TORONTO: Considered fools for having actually purchased $10 tickets to the Summer Jam concert on July 28, 1973, three of us landed at Watkins Glen in upstate New York from nearby Ithaca a day earlier on July 27 so that we could position ourselves advantageously.
We were considered idiots because at that time the word had gone out that all the 150,000 tickets were sold, and, that like Woodstock, more people would show up and gatecrash for free. Woodstock was pretty fresh in people’s mind at that time.
An estimated 300,000 people were expected to come to the concert because unlike Woodstock where a multitude of musicians performed, only 3 bands were going to play at Summer Jam of 1973.
What ensued totally skewed up everybody. Much to the surprise of the organizers, people in the thousands showed up on July 27, ourselves included. Members of the three bands were already there to do sound checks. From our position right up front, we could see they were stunned but extremely pleased. The musicians simply known as ‘The Band’ came on first to do the sound check and gave us a few favourite songs.
Then came on ‘The Allman Brothers Band’ and to the delight of everyone played their signature number “Ramblin’ Man” along with other songs.
Following that stupendous rendition, the most anticipated band that had a monumental cult following in the US because of their well-known four-hour-long live concerts, songs that were relevant to Middle America and their well-publicised drug use- The Grateful Dead- indulged in their sound check! They gave us the customary 3-4 sound check songs and when they heard the roars of approval from the crowd, one simple nod from the leader Jerry Garcia to the rest of the band and the session turned into the most glorious sound check of all time as it mushroomed into a two set full blown concert marathon with the members jamming and improvising to their hearts content!
This was superlative material and has gone down in history as being the longest rock sound check ever, if one can call it that. It was a sonic feast for all those present!
The following day, 600,000 people congregated to see three of America’s top bands! The organizers were completely unprepared for a crowd of this magnitude! Cars were abandoned on the streets and roads leading to the venue as people ditched them to walk in the sweltering heat so as to catch the opening on time!
Historians claim that this was the largest gathering of people in the US where 1 out of every 350 Americans were present. Considering that the majority of the young fans were in the age bracket of 17 -24 and from the Northeast, that narrowed it down to 1 out of every 3 Americans being there to revel in that mind-blowing concert!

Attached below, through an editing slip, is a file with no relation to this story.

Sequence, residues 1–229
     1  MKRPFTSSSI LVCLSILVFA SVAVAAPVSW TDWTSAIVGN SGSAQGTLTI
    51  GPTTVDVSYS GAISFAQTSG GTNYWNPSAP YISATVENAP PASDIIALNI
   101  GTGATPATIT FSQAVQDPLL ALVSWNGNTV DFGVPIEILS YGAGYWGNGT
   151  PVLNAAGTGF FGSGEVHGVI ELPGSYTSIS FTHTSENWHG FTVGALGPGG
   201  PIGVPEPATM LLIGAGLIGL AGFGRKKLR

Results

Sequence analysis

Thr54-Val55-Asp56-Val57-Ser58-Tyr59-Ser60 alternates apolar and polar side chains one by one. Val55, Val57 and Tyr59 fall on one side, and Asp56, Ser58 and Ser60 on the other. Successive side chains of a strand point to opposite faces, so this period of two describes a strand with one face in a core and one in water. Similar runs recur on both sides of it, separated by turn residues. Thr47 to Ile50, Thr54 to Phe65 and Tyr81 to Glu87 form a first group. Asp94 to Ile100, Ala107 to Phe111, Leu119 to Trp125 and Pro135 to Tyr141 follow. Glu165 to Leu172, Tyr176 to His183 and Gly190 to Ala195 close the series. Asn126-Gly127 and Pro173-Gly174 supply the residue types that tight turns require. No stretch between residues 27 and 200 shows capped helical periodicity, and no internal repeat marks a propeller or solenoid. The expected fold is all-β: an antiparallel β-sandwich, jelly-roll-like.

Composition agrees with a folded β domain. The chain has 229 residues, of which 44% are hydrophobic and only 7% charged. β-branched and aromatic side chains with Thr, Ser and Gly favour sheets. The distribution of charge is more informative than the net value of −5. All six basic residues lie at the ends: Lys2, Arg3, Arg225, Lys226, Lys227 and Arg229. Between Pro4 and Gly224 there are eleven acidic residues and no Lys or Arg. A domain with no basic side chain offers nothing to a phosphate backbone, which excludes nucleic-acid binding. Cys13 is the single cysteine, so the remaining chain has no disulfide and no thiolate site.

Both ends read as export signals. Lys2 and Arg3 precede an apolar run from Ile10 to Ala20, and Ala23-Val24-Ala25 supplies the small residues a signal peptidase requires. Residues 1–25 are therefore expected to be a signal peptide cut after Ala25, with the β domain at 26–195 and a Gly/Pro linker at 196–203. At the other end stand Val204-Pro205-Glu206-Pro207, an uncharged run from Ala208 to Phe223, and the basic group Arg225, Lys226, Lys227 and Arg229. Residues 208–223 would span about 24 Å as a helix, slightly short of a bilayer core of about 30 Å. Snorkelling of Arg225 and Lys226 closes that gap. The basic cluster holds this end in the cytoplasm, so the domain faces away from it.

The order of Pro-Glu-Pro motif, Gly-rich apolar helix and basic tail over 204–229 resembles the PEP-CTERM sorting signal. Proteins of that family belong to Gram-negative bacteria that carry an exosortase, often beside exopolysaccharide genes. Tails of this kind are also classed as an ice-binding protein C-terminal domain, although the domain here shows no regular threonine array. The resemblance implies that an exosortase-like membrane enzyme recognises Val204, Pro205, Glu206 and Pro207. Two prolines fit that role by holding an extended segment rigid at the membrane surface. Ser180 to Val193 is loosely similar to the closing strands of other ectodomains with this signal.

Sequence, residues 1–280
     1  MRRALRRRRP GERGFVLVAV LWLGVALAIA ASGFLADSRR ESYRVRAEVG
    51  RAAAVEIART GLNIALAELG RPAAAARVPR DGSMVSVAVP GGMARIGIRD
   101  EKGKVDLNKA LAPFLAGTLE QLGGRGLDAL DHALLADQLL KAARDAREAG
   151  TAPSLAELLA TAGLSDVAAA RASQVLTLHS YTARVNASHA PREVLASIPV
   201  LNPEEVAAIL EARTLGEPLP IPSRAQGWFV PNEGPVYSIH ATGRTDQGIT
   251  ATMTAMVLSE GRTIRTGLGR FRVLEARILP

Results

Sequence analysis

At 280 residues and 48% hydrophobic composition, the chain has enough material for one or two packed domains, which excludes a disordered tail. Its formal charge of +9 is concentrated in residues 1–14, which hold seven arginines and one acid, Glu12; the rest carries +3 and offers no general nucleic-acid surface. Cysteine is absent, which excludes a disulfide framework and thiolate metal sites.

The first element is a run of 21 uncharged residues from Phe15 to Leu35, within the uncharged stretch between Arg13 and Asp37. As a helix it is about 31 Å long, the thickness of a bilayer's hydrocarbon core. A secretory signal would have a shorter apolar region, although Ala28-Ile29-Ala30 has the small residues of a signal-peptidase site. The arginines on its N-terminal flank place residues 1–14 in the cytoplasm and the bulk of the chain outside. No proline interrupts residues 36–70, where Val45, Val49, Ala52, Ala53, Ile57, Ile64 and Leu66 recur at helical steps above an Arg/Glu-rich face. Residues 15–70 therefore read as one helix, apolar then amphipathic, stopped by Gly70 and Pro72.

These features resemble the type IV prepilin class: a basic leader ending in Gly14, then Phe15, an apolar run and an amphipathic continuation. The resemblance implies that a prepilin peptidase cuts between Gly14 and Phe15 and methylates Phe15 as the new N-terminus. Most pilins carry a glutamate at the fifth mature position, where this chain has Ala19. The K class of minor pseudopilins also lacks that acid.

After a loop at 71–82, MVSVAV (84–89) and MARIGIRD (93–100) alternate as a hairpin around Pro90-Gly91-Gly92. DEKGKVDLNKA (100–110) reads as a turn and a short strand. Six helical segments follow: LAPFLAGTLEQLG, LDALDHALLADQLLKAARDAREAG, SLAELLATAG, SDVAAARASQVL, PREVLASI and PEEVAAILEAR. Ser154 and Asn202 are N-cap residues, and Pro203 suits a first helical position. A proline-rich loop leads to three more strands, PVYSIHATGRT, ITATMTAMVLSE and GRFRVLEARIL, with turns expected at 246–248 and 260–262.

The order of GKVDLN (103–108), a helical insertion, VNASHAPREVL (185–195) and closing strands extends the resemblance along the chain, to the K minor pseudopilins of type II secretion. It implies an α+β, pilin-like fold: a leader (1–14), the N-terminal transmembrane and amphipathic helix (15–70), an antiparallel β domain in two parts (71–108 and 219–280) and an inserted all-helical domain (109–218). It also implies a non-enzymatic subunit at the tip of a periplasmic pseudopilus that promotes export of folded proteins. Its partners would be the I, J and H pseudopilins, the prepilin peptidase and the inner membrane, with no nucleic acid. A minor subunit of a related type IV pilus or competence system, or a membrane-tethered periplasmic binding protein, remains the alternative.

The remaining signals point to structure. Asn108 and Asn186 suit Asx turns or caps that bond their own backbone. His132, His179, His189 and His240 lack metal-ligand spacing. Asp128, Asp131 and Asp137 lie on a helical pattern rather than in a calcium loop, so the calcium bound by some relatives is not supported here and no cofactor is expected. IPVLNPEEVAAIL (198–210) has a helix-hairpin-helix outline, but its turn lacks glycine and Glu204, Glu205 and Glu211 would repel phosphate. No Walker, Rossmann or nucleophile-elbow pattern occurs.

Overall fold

The Grateful Dead came on first and did themselves justice as pioneers of the rock jam bands jamming and extemporizing throughout their customary two- set concert.
Then came on ‘The Band’ whose performance was interrupted as heavy rains came down and everyone danced and sang as they do when the first monsoons hit India. After the rain stopped, they continued with their masterful performance.
Finally the Allman Brothers Band came on, playing yet unreleased songs and the crowd favourite “Whippin’ Post”. It was a day to remember!
Then to the total astonishment of all and to make the day even more memorable, members of all three bands joined together for a grand finale treating the crowd to the most amazing covers of established rock tunes ending with Chuck Berry’s rock anthem “Johnny B. Goode” with 600,000 fans joining in to sing all the lyrics. This was the most magnificent moment!
When the concert ended and the crowd dispersed, there was a heavy feeling hanging in the air as everyone knew that this superlative concert signified the end of the beautiful hippie era and its tumultuous times that started with the Monterey Pop Festival, matured at Woodstock and reached its stately eminence with this concert known simply as ‘The Summer Jam.’ Much would be written, sung, photographed, painted and filmed in celebration about these times that gave rise to musicians who stretched their imagination and skills to reach grounds that prior musicians didn’t even know existed.
That era will never return!